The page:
Delphi Financial Group Inc., which sells worker’s compensation and group life insurance, said it agreed to settle a shareholder lawsuit over its $2.7 billion buyout by Tokio Marine Holdings Inc. for $49 million.
Investors sued in January in Delaware Chancery Court in Wilmington to block the sale, saying the deal’s structure unfairly enriched company insiders.
Delphi shareholders “will receive their pro rata portion of a payment equal to $49 million less plaintiffs’ counsel fees and expenses,” subject to approval by Judge Sam Glasscock, Delphi said today in a statement. Court documents on the settlement weren’t immediately available.
Tokio Marine, Japan’s second-largest casualty insurer, agreed in December to pay $44.88 a share for Delphi’s Class A public shares and $52.88 apiece for its Class B shares. The proposed sale would be the second time in three years the Japanese insurer bought a U.S. rival. Tokio Marine purchased Philadelphia Insurance Cos. for $4.4 billion in 2008.
Last month, Glasscock rejected shareholders’ bid to block the buyout from going forward because it provided more compensation for Robert Rosenkranz, the company’s founder and chief executive officer, than other investors.
Delphi shareholders argued Rosenkranz structured the deal to give himself more per share for his Class B shares than Class A shareholders will get, even though “such disparate consideration” is prohibited by the company’s charter.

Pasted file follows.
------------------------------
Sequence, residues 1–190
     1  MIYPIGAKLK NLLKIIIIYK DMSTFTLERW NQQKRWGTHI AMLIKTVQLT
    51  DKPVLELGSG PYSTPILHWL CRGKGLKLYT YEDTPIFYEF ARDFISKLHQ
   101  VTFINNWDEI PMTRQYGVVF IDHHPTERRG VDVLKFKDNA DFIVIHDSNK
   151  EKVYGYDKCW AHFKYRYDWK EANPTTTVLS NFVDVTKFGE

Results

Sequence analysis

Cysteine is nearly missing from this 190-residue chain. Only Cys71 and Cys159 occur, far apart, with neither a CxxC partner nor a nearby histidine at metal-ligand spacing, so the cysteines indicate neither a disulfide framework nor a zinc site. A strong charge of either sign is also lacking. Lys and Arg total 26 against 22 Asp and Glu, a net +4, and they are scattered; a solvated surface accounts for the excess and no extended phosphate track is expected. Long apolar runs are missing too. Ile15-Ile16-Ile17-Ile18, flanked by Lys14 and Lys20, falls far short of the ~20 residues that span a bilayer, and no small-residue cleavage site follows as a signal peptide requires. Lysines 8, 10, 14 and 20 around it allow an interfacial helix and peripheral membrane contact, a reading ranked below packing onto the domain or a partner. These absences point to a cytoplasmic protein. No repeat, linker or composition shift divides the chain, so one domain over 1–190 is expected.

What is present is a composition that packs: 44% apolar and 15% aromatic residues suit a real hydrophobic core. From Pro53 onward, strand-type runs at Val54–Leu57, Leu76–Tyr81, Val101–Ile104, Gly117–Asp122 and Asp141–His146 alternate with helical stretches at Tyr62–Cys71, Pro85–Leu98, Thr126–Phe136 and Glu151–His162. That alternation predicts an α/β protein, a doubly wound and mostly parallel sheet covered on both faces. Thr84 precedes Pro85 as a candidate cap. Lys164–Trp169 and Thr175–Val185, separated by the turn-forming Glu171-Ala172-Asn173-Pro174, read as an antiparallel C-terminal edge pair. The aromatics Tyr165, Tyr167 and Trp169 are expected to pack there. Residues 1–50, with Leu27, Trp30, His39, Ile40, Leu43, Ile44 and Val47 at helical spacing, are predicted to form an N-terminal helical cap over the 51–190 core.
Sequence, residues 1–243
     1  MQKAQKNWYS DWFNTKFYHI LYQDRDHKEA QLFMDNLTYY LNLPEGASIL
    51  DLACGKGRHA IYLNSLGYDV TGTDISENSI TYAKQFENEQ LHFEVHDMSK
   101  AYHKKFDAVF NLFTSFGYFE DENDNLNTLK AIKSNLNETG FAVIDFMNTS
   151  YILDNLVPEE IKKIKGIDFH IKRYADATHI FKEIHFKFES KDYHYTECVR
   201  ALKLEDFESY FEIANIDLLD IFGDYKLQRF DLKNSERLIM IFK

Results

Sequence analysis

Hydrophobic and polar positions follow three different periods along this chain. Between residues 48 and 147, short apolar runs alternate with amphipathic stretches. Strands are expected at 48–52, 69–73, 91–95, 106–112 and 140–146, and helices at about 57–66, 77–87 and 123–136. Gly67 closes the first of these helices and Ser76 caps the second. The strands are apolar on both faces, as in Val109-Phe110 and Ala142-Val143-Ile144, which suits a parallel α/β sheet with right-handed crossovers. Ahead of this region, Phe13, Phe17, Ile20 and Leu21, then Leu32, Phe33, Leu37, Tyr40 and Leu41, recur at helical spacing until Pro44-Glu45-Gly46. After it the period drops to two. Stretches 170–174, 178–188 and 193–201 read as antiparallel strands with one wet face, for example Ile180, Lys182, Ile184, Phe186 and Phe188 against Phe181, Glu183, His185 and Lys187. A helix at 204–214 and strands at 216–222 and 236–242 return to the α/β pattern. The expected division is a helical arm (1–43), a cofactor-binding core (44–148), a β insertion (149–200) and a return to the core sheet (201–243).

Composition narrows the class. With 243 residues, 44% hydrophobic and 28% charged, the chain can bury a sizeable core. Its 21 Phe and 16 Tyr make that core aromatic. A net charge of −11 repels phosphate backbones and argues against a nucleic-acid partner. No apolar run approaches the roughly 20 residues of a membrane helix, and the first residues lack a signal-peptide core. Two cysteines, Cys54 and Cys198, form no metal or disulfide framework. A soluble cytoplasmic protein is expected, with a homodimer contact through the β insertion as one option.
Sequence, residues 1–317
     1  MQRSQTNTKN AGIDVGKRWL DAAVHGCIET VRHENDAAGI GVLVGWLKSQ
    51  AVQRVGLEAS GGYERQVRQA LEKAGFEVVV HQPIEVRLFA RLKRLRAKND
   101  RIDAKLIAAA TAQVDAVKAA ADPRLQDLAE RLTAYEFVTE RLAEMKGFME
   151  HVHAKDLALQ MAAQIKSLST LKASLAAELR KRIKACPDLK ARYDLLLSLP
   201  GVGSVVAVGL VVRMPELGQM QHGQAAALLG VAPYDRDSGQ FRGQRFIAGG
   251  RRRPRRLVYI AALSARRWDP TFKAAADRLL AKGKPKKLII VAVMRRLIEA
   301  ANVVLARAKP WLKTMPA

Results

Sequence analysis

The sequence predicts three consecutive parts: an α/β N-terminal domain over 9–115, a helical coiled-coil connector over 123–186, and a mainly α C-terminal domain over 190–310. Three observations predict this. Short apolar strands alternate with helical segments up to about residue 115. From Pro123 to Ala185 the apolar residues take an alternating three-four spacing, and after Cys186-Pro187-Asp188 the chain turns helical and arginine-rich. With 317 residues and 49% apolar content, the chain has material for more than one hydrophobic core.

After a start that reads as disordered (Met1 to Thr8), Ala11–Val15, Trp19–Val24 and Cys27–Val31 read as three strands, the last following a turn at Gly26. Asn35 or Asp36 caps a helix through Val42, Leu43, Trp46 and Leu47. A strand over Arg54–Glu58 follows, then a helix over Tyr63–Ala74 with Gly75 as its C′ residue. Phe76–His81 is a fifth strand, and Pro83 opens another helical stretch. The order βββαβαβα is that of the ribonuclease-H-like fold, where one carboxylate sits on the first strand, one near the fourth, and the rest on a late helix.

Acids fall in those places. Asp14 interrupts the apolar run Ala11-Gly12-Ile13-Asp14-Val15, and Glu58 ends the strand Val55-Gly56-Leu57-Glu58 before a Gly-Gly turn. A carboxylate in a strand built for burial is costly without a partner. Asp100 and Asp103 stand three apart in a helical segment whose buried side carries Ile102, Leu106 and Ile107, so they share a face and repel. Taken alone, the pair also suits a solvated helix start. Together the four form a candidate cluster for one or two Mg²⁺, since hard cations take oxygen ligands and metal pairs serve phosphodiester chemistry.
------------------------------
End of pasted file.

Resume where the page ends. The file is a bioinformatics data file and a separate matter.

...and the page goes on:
Stuart Grant, a lawyer for Delphi shareholders, said the settlement was a fair resolution of investors’ claims over the buyout.
“We got back almost all the extra compensation that Mr. Rosenkranz was taking as part of the deal and that’s what we wanted,” Grant said. “We always thought Tokio Marine’s offer was a good one and now that the split is fair, we’re happy to see it go through.”
While he denied investors’ request to block the deal, Glasscock said Delphi shareholders may be entitled to recover damages from Rosenkranz over his actions in negotiating the buyout.
Rosenkranz, Delphi’s controlling shareholder, acted as lead negotiator in talks to sell the company while also serving as a Delphi contractor through his businesses that provided financial advice to the insurer, the judge said.
While those conflicts may not have tainted the buyout negotiations, Glasscock concluded Rosenkranz’s push to receive more than other Delphi shareholders for his stake in the company may run afoul of his legal obligations to other investors.
The judge said that it was within his power to order “disgorgement” of any improper consideration Rosenkranz reaped through the Tokio Marine buyout.
The case is In re Delphi Financial Group Shareholder Litigation, CA 7144, Delaware Chancery Court (Wilmington).